A self-described “simple country doctor,” he won national attention in 2020 when the White House embraced his hydroxychloroquine regimen.
Vladimir Zelenko, a self-described “simple country doctor” from upstate New York who rocketed to prominence in the early days of the Covid-19 pandemic when his controversial treatment for the coronavirus gained White House support, died on Thursday in Dallas. He was 48.
His wife, Rinat Zelenko, said he died of lung cancer at a hospital where he was receiving treatment.
Until early 2020, Dr. Zelenko, who was also known by his Hebrew name, Zev, spent his days caring for patients in and around Kiryas Joel, a village of about 35,000 Hasidic Jews roughly an hour northwest of New York City.
Like many health care providers, he scrambled when the coronavirus began to appear in his community. Within weeks he had landed on what he insisted was an effective cure: a three-drug cocktail of the antimalarial drug hydroxychloroquine, the antibiotic azithromycin and zinc sulfate.
He was not the first physician to promote hydroxychloroquine. But he began to draw national attention on March 21 — two days after President Donald J. Trump first mentioned the drug in a press briefing — when Dr. Zelenko posted a video to YouTube and Facebook in which he claimed a 100 percent success rate with the treatment. He implored Mr. Trump to adopt it.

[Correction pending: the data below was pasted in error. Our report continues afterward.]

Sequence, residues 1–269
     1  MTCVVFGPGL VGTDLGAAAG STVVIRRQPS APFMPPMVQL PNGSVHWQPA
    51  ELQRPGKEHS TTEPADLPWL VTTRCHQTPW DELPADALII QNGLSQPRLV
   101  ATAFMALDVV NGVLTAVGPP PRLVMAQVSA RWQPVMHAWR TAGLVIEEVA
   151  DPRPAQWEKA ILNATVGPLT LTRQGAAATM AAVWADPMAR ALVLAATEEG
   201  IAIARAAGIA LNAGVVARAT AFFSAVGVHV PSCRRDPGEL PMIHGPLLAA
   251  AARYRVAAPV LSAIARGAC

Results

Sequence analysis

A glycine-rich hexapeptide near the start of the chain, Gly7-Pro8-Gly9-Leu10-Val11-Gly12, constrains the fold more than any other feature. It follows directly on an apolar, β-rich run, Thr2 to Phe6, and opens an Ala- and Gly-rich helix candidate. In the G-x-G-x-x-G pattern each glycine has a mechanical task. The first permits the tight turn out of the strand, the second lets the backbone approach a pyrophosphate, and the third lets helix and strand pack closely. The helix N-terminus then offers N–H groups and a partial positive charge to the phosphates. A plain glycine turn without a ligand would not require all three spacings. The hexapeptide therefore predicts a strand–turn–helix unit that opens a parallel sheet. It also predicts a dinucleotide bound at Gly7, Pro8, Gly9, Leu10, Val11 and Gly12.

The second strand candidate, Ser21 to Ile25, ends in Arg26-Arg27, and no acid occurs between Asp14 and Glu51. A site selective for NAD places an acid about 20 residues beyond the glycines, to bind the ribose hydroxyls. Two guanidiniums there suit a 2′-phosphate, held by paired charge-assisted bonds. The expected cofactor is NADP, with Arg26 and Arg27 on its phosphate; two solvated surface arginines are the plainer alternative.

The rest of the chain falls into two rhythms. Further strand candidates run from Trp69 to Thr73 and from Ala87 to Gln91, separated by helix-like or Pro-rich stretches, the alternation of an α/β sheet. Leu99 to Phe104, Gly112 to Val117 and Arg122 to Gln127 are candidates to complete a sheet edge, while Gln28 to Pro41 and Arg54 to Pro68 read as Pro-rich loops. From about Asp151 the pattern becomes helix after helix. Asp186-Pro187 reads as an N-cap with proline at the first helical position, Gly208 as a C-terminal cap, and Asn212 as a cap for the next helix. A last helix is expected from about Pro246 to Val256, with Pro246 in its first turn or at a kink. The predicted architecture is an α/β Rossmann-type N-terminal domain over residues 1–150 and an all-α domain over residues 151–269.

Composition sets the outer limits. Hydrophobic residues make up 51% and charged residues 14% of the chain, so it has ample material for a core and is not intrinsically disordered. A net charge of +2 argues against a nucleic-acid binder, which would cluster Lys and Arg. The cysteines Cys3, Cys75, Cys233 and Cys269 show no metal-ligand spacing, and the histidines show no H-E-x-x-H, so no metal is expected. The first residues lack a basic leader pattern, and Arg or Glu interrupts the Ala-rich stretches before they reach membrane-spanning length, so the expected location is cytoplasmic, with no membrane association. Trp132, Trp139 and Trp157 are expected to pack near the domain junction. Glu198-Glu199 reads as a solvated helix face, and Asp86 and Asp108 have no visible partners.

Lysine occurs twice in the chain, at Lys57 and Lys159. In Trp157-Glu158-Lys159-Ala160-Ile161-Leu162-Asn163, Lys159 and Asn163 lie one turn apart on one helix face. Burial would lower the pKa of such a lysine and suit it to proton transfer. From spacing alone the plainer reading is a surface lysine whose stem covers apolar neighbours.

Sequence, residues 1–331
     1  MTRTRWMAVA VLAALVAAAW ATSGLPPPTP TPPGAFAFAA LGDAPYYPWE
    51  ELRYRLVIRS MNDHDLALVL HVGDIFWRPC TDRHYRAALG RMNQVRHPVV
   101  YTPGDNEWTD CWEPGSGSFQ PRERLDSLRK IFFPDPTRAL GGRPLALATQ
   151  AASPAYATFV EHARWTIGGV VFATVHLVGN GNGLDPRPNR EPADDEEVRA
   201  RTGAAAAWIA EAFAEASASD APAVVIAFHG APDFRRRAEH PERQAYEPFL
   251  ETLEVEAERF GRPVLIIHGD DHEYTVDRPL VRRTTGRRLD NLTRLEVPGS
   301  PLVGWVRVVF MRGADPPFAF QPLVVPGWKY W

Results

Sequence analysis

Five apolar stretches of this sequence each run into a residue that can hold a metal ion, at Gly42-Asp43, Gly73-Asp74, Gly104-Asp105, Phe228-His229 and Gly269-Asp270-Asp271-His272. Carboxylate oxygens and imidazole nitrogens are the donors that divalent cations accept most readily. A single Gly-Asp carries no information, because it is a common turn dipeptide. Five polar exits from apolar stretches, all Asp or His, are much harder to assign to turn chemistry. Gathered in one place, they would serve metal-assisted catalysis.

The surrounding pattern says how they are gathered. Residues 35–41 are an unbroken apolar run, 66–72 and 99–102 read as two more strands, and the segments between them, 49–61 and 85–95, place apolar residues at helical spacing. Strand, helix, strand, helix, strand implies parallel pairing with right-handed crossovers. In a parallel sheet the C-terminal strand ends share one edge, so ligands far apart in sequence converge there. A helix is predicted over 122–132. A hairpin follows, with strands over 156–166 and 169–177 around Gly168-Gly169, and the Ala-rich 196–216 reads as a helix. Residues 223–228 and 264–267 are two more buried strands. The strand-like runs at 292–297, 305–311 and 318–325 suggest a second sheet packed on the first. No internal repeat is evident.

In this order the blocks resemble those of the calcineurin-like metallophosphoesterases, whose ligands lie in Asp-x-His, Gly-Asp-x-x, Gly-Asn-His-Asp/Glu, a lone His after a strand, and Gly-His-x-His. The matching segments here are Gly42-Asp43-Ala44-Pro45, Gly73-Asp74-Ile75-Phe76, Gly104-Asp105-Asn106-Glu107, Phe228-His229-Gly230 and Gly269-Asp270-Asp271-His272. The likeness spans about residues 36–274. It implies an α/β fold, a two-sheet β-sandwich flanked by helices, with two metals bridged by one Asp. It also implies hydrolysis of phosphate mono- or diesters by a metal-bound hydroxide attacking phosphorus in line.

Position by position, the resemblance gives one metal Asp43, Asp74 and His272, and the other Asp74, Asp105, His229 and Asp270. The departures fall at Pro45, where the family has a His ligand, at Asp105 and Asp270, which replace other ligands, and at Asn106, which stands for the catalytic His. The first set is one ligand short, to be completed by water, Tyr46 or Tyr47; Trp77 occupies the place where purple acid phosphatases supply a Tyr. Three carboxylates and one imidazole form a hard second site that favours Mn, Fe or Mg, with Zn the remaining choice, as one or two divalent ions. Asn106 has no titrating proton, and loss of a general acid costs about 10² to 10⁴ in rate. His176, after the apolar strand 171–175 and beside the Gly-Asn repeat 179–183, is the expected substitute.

A day later, Mark Meadows, Mr. Trump’s chief of staff, reached out to Dr. Zelenko for more information. So did talk-show bookers. Over the next week Dr. Zelenko made the rounds on conservative media, speaking on podcasts hosted by Steve Bannon and Rudolph W. Giuliani. Sean Hannity of Fox News touted his research during an interview with Vice President Mike Pence.
“At the time, it was a brand-new finding, and I viewed it like a commander in the battlefield,” Dr. Zelenko told The New York Times. “I realized I needed to speak to the five-star general.”